The record-breaking temperatures reached this across the UK caused many businesses to alter their schedule and put safety measures into place.

The provisional highest temperature in Wales ever recorded was measured in Hawarden on Monday, hitting 37.1 degrees celsius.

Several local businesses amended their schedule in reaction to the extreme heat and difficult working conditions.

READ MORE: Highest temperature in Wales recorded at Hawarden today

Popular tourist attraction Chester Zoo announced it would be closed on Monday and Tuesday to protect animals, staff, plants and guests.


The extreme heat and level amber or red alerts across the majority of the UK prompted unions to call for a maximum temperature in work.

The GMB suggested it should be set at 25C, saying employers should allow flexible working and travel arrangements, give staff extra breaks and allow them to wear cooler clothes.

READ MORE: North Wales sees some need for medical advice in extreme heat

Lynsey Mann, the GMB’s health and safety officer, said: “Bosses need to do everything possible to keep workplaces cool and, more importantly, safe.

"[...]Ultimately, there needs to be a legal maximum working temperature in the same way we have a legal minimum working temperature, and it is in employer’s interests – workers who are overheating aren’t going to be at their best.”

Both Flintshire and Wrexham bin schedules saw amendments in order to protect the recycling and waste collection teams. 

On Monday, Flintshire Council announced that their teams would be finishing early due to the extreme heat. 

Wrexham Council also encouraged residents to put bins out the night before as waste collection teams were starting earlier in the day. 

READ MORE: Bin collections change in Wrexham

The Trade Union Congress also commented on the need for employers to provide safe working environments. 

Frances O’Grady, general secretary of the TUC, said: “We all love it when the sun comes out, but working in sweltering conditions in a baking shop or stifling office can be unbearable and dangerous.

“Indoor workplaces should be kept cool, with relaxed dress codes and flexible working to make use of the coolest hours of the day."

Moneypenny, who currently employ around 1,000 employees between their Wrexham and US office, implemented measures to keep their office staff safe. 

The Leader: Moneypenny WrexhamMoneypenny Wrexham

Charlotte Ashdown, People Director at Moneypenny said: "We are doing everything we can to keep our people as comfortable as they can be in this hot weather.

"We are fortunate that our offices are spacious and well spread out and ventilated.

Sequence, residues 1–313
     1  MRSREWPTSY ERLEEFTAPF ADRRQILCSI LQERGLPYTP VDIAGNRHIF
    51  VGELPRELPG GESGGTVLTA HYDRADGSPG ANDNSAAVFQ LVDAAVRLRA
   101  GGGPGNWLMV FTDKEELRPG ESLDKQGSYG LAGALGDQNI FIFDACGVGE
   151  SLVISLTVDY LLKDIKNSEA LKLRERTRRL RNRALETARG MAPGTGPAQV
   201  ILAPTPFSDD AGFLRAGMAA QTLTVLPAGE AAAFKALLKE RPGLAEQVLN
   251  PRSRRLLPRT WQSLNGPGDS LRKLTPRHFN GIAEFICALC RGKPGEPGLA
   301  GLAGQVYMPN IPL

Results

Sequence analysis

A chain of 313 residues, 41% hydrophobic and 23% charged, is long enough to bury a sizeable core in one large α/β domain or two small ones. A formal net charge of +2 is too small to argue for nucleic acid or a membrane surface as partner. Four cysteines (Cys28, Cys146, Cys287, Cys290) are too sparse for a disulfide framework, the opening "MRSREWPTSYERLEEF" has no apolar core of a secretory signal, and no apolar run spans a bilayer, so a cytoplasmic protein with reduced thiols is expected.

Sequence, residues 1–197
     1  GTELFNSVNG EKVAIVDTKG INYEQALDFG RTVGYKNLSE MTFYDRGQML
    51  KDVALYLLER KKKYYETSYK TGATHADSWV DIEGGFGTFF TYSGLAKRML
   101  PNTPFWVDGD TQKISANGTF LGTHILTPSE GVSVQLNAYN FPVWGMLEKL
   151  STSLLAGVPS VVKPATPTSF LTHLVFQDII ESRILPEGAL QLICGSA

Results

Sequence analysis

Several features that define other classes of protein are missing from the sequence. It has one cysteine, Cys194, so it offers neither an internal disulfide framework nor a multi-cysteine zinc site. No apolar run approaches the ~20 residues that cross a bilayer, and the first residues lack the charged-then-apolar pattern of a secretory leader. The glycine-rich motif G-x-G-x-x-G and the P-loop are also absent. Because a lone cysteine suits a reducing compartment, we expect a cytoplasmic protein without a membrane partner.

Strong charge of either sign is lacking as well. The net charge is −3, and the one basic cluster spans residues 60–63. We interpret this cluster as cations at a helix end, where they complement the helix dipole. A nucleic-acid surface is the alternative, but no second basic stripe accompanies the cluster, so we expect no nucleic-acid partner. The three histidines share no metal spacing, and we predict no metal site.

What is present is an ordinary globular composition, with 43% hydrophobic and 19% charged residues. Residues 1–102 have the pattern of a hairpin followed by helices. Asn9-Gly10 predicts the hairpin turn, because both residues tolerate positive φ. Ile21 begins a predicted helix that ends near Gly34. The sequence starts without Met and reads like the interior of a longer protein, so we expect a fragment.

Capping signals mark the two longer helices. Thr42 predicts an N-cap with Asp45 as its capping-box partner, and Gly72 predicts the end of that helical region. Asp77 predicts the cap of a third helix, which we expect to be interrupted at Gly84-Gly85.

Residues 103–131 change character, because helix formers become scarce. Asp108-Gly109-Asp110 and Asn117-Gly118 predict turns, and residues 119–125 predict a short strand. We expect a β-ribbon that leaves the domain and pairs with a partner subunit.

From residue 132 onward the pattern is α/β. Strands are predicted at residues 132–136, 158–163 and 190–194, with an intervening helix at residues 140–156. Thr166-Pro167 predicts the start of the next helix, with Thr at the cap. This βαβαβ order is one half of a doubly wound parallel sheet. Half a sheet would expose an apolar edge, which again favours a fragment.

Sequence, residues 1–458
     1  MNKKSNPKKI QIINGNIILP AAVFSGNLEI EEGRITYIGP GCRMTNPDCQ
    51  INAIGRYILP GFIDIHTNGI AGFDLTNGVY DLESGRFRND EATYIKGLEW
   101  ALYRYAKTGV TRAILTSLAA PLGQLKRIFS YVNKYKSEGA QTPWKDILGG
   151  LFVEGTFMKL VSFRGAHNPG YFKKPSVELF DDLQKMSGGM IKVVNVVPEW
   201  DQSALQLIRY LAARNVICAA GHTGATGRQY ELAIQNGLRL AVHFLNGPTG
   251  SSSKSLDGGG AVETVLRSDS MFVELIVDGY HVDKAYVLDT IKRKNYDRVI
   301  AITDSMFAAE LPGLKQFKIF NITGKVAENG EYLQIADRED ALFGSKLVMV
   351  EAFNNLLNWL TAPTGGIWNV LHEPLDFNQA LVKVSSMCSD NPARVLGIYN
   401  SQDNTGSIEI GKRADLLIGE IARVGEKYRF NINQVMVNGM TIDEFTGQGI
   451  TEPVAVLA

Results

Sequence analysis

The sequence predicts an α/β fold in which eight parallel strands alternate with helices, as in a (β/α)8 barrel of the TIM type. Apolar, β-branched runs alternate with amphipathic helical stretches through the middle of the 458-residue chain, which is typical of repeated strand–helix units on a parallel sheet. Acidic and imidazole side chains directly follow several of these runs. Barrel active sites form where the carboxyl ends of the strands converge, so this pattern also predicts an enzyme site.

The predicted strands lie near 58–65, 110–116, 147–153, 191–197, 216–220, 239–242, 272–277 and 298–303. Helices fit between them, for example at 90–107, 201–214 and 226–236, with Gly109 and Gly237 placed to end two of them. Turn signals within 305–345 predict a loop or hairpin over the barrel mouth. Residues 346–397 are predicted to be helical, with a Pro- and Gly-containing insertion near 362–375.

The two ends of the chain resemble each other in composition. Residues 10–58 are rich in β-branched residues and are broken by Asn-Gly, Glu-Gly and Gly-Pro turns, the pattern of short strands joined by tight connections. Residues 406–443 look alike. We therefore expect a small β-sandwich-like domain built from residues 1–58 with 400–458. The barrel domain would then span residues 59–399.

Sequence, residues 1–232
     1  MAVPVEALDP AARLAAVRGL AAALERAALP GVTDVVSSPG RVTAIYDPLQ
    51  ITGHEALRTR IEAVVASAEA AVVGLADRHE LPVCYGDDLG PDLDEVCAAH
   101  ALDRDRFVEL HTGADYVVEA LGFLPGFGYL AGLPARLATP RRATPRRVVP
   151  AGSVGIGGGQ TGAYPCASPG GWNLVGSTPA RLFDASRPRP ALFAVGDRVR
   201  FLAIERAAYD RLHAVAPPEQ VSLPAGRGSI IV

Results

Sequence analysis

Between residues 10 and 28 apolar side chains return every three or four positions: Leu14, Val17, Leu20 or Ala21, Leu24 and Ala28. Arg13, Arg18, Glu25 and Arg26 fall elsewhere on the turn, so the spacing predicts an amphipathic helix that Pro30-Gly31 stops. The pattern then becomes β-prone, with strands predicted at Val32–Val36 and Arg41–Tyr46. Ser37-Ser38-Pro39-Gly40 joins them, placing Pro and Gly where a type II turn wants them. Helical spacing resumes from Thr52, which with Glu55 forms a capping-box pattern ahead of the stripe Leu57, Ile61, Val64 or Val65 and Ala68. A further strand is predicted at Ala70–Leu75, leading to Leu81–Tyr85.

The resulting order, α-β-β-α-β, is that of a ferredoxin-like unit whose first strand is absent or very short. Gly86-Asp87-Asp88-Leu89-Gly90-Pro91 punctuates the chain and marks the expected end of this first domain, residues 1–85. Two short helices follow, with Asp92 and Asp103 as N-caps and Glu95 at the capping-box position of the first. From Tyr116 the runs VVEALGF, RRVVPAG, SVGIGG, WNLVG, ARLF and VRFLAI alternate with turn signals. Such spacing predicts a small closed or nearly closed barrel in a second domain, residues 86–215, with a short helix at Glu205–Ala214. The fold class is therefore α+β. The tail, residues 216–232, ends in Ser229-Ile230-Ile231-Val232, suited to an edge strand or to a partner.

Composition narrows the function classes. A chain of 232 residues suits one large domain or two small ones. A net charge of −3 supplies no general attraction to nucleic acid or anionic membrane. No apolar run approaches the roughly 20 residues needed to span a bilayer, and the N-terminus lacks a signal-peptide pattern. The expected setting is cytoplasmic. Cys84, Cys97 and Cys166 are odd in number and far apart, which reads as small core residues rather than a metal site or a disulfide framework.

"We also have a mixed mode cooling ventilation system in the building which means the offices remain cool and feel fresh.

"We are advising people to take regular breaks and have extra cold drinks and water available as well as lots of cold salads and fresh fruit and frozen yoghurt etc for lunches and snacks.

"If people do wish to go outside at lunchtime we have free suncream ready for them to use and have sun terraces with shelters and an outdoor walkway around the grounds with lots of shade."

READ MORE: How to stay cool in extreme heat

While these may be the hottest days on records, data from the Met Office shows that spikes in the UK’s daily maximum temperature are becoming both more frequent and more recent.

According to the Met Office nine of the UK’s 12 hottest days on record since 1884 have occurred within the last two decades.

Askar Sheibani, CEO of Comtek Network System and the chair of the Deeside Business Forum, believes that industry and government need to modify workplaces to cope with the increase in extreme hot weather. 

The Leader: Askar SheibaniAskar Sheibani

He said: "We need to modify the environment to suit everyone, the business and the employer. 

"We all need a good solution as if an employee is under stress their productivity will also be poor.

"It's a wake up call for the industry.

"Welsh government need to intervene to help smaller organisations modify their businesses with maybe air conditioning or high level insulation.

READ MORE: "Is the UK’s economy nosediving to a fatal crash?"

"That's the type of industrial strategy that both industry and the Welsh government need to implement which is good for our economy and employee wellbeing, which has been ignored for a long time."

He added: "You won't find this type of condition in Germany and we could learn from them, they have adapted buildings to suit everyone.

"A lot of European companies are not allowed to work without windows, but in the UK we have no such legislation."